Anabolic steroids are male hormones used by some athletes to increase their strength and muscle mass. Long-term anabolic steroid use can slightly increase the risk of hepatocellular cancer. Cortisone-like steroids, such as hydrocortisone, prednisone, and dexamethasone, do not carry this same risk.
Drinking water contaminated with naturally occurring arsenic, such as that from some wells, over a long period of time increases the risk of some types of liver cancer. This is more common in parts of East Asia, but it might also be a concern in some areas of the United States.
Infection with parasites
Infection with the parasite that causes schistosomiasis can cause liver damage and is linked to liver cancer. This parasite is not found in the US, but infection can occur in Asia, Africa, and South America.
Smoking increases the risk of liver cancer. Former smokers have a lower risk than current smokers, but both groups have a higher risk than those who never smoked.
Factors with unclear effects on liver cancer risk
Birth control pills
In rare cases, birth control pills, also known as oral contraceptives, can cause benign tumors called hepatic adenomas. But it is not known if they increase the risk of hepatocellular cancer. Some of the studies that have looked at this issue have suggested there may be a link, but most of the studies were not of high quality and looked at types of pills that are no longer used. Current birth control pills use different types of estrogens, different estrogen doses, and different combinations of estrogens with other hormones. It is not known if the newer pills increase liver cancer risk.
Can Liver Cancer Be Prevented?
Many liver cancers could be prevented by reducing exposures to known risk factors for this disease.
Avoiding and treating hepatitis infections
Worldwide, the most significant risk factor for liver cancer is chronic infection with hepatitis B virus (HBV) and hepatitis C virus (HCV). These viruses can spread from person to person through sharing contaminated needles (such as in drug use) and through unprotected sex, so some of these cancers may be prevented by not sharing needles and by using safer sex practices (such as consistent use of condoms).
A vaccine to help prevent HBV infection has been available since the early 1980s. The US Centers for Disease Control and Prevention (CDC) recommends that all children, as well as adults at risk get this vaccine to reduce the risk of hepatitis and liver cancer.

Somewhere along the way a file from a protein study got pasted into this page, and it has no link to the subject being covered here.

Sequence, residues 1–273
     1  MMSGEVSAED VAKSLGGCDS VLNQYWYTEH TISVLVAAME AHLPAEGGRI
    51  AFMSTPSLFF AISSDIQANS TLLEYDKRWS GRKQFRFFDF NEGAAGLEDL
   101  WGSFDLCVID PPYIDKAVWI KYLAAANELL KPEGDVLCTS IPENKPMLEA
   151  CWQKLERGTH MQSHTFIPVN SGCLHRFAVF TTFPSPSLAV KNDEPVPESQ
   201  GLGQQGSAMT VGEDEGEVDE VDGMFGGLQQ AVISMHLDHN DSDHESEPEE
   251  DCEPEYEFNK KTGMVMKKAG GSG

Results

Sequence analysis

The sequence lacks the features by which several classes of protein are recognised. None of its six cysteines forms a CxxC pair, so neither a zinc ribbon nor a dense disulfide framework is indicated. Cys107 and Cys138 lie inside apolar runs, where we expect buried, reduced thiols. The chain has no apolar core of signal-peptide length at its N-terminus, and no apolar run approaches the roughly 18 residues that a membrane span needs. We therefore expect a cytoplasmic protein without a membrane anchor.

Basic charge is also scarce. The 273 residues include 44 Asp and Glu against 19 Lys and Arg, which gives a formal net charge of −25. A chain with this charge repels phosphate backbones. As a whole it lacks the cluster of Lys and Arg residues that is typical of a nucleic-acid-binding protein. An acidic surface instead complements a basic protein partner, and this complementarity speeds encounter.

There is no vaccine for HCV. Preventing HCV infection, as well as HBV infection in people who have not been immunized, is based on understanding how these infections occur. These viruses can be spread through sharing contaminated needles (such as in drug use), unprotected sex, and through childbirth.
Blood transfusions were once a major source of hepatitis infection as well. But because blood banks in the United States test donated blood to look for these viruses, the risk of getting a hepatitis infection from a blood transfusion is extremely low.
People at high risk for HBV or HCV should be tested for these infections so they can be watched for liver disease and treated if needed.
According to the CDC, you are at risk of having hepatitis B if you:
- Have sex with someone who is infected
- Have multiple sex partners
- Have a sexually transmitted disease
- Are a man who has sex with other men
- Inject drugs
- Live with a person who has chronic HBV
- Travel to countries where many people have HBV
- Are exposed to blood on the job
- Get long-term hemodialysis
A baby born to a mother that is infected with HBV is also at risk for being infected.
The CDC recommends that you get tested for HCV if any of the following are true:
- You were born from 1945 through 1965 (this is because most of the people in the US that are infected with HCV were born in these years)
- You ever injected drugs (even just once or a long time ago)
- You needed medicine for a blood clotting problem before 1987